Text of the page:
University of Pennsylvania
Master of Architecture
SUSTAINABLE ARCHITECTURE DEGREE OPTIONS
With approximately 310 graduate students, the Graduate Architecture Department is housed at Meyerson Hall, in the heart of the University of Pennsylvania campus, at the corner of Walnut Street and 34th Street. In addition to design studios, exhibition spaces, classrooms, and offices, this facility includes state-of-the-art laboratories for computing and fabrication and two advanced research labs: the Digital Design Research Lab and the Building Simulation Group. Penndesign also introduced 3-D printers in the newly renovated studio spaces.
The professional program in Architecture offers a number of study abroad options, currently including a semester abroad in London as well as summer abroad programs in Paris, Colombia and Athens, Greece. It enjoys collaborative relationships with other disciplines of the School of Design – historic preservation, landscape architecture, city planning and fine arts and offers dual degrees and certificates in many of these allied fields. Students are eligible for a range of scholarships, including travel scholarships.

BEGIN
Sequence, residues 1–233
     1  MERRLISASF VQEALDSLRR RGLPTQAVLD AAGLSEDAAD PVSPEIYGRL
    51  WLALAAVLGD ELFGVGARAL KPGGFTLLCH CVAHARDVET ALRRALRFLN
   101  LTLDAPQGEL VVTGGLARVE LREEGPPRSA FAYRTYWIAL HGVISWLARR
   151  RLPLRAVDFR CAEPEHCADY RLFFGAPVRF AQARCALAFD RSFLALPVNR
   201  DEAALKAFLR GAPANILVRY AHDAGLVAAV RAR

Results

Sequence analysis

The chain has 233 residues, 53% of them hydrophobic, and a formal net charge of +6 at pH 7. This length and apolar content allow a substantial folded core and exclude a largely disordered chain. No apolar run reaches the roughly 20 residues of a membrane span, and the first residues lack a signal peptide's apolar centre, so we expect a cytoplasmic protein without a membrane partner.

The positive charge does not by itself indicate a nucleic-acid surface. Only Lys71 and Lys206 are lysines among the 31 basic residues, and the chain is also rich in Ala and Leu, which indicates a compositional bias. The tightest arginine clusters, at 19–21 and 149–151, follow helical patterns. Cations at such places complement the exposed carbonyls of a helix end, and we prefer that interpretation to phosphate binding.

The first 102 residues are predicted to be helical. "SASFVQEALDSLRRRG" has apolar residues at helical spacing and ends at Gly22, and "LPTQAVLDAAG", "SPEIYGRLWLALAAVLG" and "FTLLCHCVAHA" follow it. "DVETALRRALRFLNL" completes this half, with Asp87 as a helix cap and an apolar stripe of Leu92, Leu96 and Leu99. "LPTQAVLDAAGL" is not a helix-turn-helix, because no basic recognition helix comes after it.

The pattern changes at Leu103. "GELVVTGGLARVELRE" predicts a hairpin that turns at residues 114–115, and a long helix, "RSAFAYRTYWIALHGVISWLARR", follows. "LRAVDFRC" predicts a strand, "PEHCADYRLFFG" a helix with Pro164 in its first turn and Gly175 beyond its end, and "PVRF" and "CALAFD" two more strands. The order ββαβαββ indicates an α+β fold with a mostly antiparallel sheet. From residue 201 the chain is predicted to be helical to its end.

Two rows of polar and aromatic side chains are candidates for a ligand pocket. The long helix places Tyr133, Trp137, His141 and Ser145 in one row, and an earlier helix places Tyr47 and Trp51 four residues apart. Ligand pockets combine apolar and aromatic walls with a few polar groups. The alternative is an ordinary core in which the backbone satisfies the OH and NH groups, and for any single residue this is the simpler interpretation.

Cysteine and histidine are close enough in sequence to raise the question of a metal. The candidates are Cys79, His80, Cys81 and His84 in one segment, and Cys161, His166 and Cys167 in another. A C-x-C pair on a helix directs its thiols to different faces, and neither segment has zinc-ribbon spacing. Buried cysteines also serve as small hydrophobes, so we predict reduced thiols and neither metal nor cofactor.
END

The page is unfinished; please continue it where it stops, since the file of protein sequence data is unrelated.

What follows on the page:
ABOUT THE SCHOOL
Penn’s 302-acre West Philadelphia campus reflects its rich heritage—a heritage closely bound with the birth of the United States—boasting more than 200 buildings and many notable landmarks, including the nation’s first student union and first double-decker college football stadium .
The 165 research centers and institutes on campus also reflect the University’s innovative, civic-minded and pragmatic creator: More than 250 years after Ben Franklin broke new ground in founding Penn, its faculty, students, and alumni continue to make breakthroughs in research, scholarship, and education. Its many subsequent “firsts,” include the world’s first collegiate business school (Wharton, 1881), the world’s first electronic, large-scale, general-purpose digital computer (ENIAC, 1946), and the first woman president of an Ivy League institution (Judith Rodin, inaugurated in 1994) as well as the first female Ivy League president to succeed another female (Amy Gutmann, inaugurated in 2004).